Ophthalmology: Cataract and Refractive Surgery MSc
Options: PG Diploma, PG Certificate
Ophthalmology is becoming increasingly specialist in nature, and evidence of appropriate knowledge and skills within each subspecialty is therefore of great value. The Ophthalmology MSc: Cataract and Refractive Surgery pathway at UCL offers students the opportunity to acquire practical skills and advanced knowledge in this expanding subspecialist area.
Mode of study
- Full-time 1 year
- Part-time 2 years
- Flexible 2-5 years
- UK/EU Full-time: £10,800
- Overseas Full-time: £35,300
- All applicants: 1 August 2014
More details in Application section.
What will I learn?
Students gain a comprehensive theoretical and practical training in cataract and refractive surgery. This includes disease pathology, the assessment of patients and the different disease modalities available, together with their limitations and side-effects. They gain the skills required to analyse scientific literature and the efficacy of novel treatment strategies.
Why should I study this degree at UCL?
The UCL Institute of Ophthalmology is one of the premier centres in the world for the study of vision and the mechanisms, diagnosis and therapy of eye disease. We embrace fundamental research, through the entire spectrum of translational medicine to clinical trials.
Close links with laboratories in Europe and North America and growing commercial partnerships enrich the opportunities for learning and provide networks for future career development.
This MSc offers students the opportunity to gain subspecialist knowledge. It will be of particular benefit to overseas ophthalmologists who do not have the opportunity to access subspecialty teaching within their own system.
Students undertake modules to the value of 180 credits. The programme consists of eight core modules (120 credits) and a research dissertation (60 credits).
A Postgraduate Diploma (120 credits, full-time nine months) is offered.
A Postgraduate Certificate (60 credits, full-time six months) is offered.
All MSc students undertake an independent research project which culminates in a dissertation of 10,000 words.
Teaching and Learning
The programme is delivered through a combination of lectures, seminars, presentations, clinical demonstrations, practical and patient sessions and workshops. Assessment is through MCQ examination, case-based assessments, short-answer papers, seminar presentations, essays, observation work and the dissertation.
Further details available on subject website:
Further information about funding and scholarships can be found on the Scholarships and funding website.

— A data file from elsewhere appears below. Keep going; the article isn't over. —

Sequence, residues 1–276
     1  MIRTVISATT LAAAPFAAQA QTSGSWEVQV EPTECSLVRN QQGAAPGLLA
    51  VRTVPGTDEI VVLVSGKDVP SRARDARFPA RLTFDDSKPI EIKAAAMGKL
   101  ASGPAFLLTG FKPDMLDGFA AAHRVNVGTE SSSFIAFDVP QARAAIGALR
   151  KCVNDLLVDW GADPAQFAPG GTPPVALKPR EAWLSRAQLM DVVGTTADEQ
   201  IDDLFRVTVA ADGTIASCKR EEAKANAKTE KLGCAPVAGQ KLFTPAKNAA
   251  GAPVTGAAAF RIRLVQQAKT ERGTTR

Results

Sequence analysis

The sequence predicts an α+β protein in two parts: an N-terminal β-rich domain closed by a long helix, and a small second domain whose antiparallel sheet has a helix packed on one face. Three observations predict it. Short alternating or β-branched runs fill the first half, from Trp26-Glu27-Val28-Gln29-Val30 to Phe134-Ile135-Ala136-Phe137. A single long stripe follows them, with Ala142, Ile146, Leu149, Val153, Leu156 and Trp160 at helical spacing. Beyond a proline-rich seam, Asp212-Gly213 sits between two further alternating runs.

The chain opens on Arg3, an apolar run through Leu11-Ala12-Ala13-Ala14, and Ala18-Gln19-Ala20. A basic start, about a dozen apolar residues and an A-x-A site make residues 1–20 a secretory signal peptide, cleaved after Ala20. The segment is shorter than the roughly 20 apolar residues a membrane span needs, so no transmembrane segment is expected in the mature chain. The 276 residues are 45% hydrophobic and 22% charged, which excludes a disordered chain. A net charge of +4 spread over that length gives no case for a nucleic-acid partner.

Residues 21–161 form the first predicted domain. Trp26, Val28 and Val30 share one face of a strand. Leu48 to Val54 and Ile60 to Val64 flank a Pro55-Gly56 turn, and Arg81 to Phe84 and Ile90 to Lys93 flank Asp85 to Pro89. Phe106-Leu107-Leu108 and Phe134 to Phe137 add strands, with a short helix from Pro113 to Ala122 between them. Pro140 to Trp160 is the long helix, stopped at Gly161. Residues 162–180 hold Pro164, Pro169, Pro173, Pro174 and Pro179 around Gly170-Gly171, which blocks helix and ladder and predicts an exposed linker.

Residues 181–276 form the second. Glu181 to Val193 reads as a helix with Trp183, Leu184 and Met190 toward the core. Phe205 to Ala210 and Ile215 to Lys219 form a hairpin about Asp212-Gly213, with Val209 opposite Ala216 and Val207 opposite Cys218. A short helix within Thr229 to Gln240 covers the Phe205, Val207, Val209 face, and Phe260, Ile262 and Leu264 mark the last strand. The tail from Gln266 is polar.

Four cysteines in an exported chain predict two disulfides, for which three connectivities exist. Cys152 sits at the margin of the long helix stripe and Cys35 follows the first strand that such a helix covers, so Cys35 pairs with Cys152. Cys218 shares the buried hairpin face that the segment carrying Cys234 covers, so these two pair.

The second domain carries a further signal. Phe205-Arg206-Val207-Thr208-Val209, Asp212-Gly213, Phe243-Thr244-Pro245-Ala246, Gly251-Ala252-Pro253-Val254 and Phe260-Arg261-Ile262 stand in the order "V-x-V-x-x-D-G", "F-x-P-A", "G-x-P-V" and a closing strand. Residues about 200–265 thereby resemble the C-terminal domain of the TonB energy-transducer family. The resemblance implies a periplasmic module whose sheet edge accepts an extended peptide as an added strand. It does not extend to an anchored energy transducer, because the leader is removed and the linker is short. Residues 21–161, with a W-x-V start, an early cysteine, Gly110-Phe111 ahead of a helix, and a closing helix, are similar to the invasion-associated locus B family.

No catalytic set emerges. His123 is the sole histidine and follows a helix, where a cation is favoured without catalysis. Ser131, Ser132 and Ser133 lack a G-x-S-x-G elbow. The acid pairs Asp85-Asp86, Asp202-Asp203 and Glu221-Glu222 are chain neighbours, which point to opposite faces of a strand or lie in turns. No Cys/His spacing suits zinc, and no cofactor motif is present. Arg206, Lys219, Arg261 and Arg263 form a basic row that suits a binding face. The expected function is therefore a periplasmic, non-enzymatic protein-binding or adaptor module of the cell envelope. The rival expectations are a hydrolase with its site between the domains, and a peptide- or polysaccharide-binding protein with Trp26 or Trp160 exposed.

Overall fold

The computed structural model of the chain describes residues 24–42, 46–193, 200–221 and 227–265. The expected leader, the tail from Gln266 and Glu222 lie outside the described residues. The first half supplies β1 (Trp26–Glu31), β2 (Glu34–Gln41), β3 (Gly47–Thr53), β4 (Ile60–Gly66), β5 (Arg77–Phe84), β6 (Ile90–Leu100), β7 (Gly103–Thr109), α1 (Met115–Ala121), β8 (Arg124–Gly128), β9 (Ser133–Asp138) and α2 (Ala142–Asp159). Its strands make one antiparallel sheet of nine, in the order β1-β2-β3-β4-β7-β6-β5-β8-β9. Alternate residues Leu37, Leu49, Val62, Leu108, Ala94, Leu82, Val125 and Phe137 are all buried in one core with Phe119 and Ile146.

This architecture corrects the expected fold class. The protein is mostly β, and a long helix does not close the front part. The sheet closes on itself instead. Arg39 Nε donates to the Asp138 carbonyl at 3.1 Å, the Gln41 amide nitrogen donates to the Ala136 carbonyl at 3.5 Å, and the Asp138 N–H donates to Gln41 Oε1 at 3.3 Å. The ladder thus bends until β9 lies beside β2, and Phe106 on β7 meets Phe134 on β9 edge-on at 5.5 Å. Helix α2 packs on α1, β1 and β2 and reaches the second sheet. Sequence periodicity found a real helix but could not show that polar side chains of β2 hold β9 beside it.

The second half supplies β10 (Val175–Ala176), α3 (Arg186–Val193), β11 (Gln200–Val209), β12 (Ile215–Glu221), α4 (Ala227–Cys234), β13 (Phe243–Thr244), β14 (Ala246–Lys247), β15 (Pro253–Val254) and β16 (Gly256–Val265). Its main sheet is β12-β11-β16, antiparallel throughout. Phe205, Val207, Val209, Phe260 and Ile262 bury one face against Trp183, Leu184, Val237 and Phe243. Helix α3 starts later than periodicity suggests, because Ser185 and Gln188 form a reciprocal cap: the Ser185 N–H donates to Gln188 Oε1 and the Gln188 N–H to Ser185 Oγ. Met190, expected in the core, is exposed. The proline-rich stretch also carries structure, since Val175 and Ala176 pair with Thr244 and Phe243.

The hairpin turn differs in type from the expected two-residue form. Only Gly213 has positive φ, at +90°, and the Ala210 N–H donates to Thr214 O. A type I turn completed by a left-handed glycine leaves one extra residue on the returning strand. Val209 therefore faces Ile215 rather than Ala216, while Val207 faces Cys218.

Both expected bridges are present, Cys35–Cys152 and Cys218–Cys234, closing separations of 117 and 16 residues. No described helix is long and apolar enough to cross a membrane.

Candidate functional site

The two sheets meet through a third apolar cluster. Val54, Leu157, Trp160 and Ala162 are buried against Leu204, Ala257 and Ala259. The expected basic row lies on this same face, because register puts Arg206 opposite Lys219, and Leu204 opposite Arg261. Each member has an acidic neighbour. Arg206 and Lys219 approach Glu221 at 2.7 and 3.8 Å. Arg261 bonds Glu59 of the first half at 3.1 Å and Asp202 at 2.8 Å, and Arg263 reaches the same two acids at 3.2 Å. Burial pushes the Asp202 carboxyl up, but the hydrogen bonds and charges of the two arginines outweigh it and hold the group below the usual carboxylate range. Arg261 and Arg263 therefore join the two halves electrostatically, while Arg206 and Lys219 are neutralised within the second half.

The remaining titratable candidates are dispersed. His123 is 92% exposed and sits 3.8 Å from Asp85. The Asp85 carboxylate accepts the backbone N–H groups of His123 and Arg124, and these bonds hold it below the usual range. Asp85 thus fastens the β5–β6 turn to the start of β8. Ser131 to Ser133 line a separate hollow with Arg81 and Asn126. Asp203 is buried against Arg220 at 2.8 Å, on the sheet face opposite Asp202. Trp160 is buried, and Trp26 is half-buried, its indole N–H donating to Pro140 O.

Applicants must have a minimum of a second-class UK Bachelor's degree in optometry, orthoptics or a medical discipline, or an overseas qualification of an equivalent standard.
Select your country for equivalent alternative requirements
English language proficiency level: Standard
How to apply
Students are advised to apply as early as possible due to competition for places. Those applying for scholarship funding (particularly overseas applicants) should take note of application deadlines.
The deadline for applications is 1 August 2014.
Who can apply?
Aimed at ophthalmologists approaching the end of their training and looking to demonstrate their subspecialty expertise, this programme is particularly suitable for overseas trainees, but will also appeal to UK doctors who are not in a recognised training programme and wish to acquire knowledge and practical skills in this field.
What are we looking for?
When we assess your application we would like to learn:
- why you want to study Ophthalmology at graduate level
- why you want to study Ophthalmology at UCL
- what particularly attracts you to the chosen programme
- how your academic and professional background meets the demands of this programme
- where you would like to go professionally with your degree
Previous students have successfully obtained positions in Ophthalmology at various hospitals across London and the UK. Others have gone on to undertake further postgraduate study at UCL.
This specialism is likely to be of increasing value to ophthalmologist trainees with the expansion of cataract and refractive surgery within the UK and overseas.
"A particularly valuable aspect of my degree is that I am part of UCL’s vast neuroscience community. This provides great networking opportunities and gives me the chance to learn from world-leading academics and experts in my field."
Degree: Visual Neuroscience PhD
"In London, and at UCL in particular, I am surrounded by excellent colleagues who have helped me to shape my research in numerous ways. At least half of the techniques we use today in the laboratory were unknown to me until I joined UCL and started collaborating with colleagues."
Professor Matteo Carandini
Professor of Visual Neuroscience
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